This is an interesting tie-in to something Eckhart Tolle said in A New Earth. If you do something – even the simplest thing – in complete harmony with your higher self (and I’m paraphrasing a bit) then what you do will improve the entire spirit of the planet – even if what you’re doing is sitting on a mat watching the birds fly by. On the other hand, if you try to do something wonderful, and it is NOT in complete harmony with your higher self, then – no matter how externally wonderful it may seem – you are harming yourself and everyone on the planet. You are bringing an energy of disharmony into the world, and ultimately, that energy is negative and will have negative effects. When we work from the higher self, we are a conduit for the Spirit into the world:

For it is God who works in you both to will and to work, for his good pleasure (Phil 2:13 WEB)

Some degree of planning or scheduling is probably useful in a world where everything runs by the clock and people are expected to produce on schedule. But perhaps we overdo it. I’m going to reconsider the importance of goals in the larger scheme of things.

Of course, this can be risky. As Steve Pavlina puts it:

Dealing with the unpredictability of what’s going to happen next is extremely unsettling. In order to make it through this, I have to let go of trying to control anything. I have to let go and trust

Which is what faith is all about. It’s not about clinging tenaciously to a dogma. It’s about trusting that Spirit will see you through.

Meditating While Driving

driving Like many people, I never seem to have the time I’d like for meditating and spiritual development. I’d like to begin each day with spiritual practice, but sometimes I’m running late and don’t get to it. Since I have a long commute, I’ve sometimes tried to listen to meditation tapes while driving, but this can be dangerous. Wayne Dyer’s Japa meditation CD, for example, had me in such an altered state that the physical world I was driving through lost importance – which is not a good state for driving.

This morning I tried something different – adapting mindfulness or walking meditation to driving. This seemed like a good match, since it actually makes you MORE aware of your surroundings. Rather than going within, your focus is on being fully present in the situation.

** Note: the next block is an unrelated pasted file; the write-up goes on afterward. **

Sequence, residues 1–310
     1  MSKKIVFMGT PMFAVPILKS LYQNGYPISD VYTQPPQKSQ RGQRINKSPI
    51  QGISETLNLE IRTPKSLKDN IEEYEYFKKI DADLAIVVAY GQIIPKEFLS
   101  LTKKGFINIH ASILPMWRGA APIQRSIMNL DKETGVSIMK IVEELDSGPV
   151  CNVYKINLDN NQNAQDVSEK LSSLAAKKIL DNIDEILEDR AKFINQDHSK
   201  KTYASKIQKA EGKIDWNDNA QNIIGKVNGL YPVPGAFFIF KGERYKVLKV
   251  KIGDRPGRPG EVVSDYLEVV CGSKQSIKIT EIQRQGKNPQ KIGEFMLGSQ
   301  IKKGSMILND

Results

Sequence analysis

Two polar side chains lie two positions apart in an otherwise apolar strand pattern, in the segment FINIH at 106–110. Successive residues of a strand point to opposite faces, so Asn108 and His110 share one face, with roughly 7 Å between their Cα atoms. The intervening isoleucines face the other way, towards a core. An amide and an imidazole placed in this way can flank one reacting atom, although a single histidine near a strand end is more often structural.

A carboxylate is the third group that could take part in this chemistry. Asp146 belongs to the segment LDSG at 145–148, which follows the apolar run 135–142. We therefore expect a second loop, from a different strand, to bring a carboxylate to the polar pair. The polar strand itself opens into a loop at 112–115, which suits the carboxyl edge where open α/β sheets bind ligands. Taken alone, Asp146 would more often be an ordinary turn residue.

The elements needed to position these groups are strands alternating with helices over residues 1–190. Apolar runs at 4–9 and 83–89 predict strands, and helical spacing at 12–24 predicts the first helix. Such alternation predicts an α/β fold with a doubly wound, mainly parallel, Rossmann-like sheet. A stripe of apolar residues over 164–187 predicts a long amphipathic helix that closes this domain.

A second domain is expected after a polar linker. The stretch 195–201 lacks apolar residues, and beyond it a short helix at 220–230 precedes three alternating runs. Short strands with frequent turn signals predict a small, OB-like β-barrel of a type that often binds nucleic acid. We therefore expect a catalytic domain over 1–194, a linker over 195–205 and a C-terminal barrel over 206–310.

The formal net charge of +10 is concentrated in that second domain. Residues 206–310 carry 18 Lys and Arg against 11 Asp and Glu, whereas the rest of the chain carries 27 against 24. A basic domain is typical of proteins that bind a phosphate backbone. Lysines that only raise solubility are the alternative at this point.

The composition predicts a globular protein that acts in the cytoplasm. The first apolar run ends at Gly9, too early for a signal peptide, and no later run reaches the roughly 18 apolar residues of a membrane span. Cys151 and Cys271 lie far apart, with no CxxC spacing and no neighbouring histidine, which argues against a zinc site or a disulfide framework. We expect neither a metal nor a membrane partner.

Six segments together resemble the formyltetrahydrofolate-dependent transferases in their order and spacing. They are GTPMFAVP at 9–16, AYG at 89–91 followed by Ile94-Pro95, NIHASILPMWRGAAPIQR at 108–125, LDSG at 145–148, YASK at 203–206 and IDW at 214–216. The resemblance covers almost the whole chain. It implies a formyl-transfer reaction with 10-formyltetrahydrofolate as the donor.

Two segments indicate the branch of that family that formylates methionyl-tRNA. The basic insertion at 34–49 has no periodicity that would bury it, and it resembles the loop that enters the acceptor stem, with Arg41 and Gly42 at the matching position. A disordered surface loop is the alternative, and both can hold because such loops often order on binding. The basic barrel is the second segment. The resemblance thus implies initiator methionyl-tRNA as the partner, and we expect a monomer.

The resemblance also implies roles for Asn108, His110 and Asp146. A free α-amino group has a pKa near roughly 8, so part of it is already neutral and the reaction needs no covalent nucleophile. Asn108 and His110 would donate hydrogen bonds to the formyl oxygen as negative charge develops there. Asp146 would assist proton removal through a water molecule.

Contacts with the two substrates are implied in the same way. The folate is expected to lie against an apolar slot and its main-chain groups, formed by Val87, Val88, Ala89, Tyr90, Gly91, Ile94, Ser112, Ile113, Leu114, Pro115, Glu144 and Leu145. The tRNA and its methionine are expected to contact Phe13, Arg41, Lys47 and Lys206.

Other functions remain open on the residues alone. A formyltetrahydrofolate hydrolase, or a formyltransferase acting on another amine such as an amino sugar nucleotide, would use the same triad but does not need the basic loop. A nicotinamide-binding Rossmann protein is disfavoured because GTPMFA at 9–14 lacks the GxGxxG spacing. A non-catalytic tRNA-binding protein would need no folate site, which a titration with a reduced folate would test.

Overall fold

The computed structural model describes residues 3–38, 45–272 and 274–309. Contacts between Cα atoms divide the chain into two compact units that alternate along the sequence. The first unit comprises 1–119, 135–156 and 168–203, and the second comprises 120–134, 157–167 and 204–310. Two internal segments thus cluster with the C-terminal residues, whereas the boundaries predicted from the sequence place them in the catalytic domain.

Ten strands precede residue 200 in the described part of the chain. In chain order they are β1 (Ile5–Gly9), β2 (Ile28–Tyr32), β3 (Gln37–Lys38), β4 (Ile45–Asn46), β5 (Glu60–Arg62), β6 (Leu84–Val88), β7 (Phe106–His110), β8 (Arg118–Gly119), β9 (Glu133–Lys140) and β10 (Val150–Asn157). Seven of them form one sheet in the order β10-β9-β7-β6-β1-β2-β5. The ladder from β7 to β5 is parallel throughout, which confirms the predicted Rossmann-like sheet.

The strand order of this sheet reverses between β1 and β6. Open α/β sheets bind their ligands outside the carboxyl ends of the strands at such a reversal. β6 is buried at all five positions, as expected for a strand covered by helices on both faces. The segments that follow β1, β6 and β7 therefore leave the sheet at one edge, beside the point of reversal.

The technique is very simple. Start driving. Turn off your radio or music. Focus entirely on the sense impressions of driving. Be fully present in the experience of driving your car, and don’t focus on any inner dialog or thoughts. If you become aware that you are thinking about something other than the experience of driving, gently return your focus to the road in front of you. Don’t judge yourself for your thoughts, but keep returning your focus to the road, the car and your driving.

Naturally, you should continue to check your mirrors, watch your blind spots and follow good driving practice. In fact you should be more intently aware of your surroundings than usual. Be aware of the road and your surroundings with the same calm intensity of a cat watching a mouse hole. This is probably a better technique to practice on a routine drive, like a commute, than when you are trying to find a new location, although it would probably work with any kind of driving.

No two meditations are alike, and no two meditators are alike – so don’t judge your own experiences. What you experience is what you experience, and it’s fine. But here are a few observations on my own meditation this morning. First of all, it was a bit tiring. Being mindful in a complex situation like driving can be slightly overwhelming. The trick was to relax and be aware of all the experiences in general, rather than trying to shift a laser focus of awareness between all the various things going on.

I also discovered that I have a habit of giving myself verbal mental directions while I’m driving, telling myself where to turn and when to shift. That was a bit odd. But at times during the meditation I felt a wonderful sense of joy. Life seemed so good. Happiness was staring me in the face, waiting for me to shut up long enough to notice it. During these times, I had the odd sensation that I was driving on a route I had never seen before. I actually wondered for a moment if I was lost. The truth is, I suppose, that I had NOT seen it before – not really SEEN it. In fact, the day before this experiment, I had one of those frequent experiences of arriving at a particular turn on my route and being unable to remember how I had arrived, because my driving was on autopilot while I was lost in thought.

The experiment seemed like a success to me. At the very least, I think it won’t hurt my driving at all. It may improve it. Give driving meditation a try and let me know how it works for you.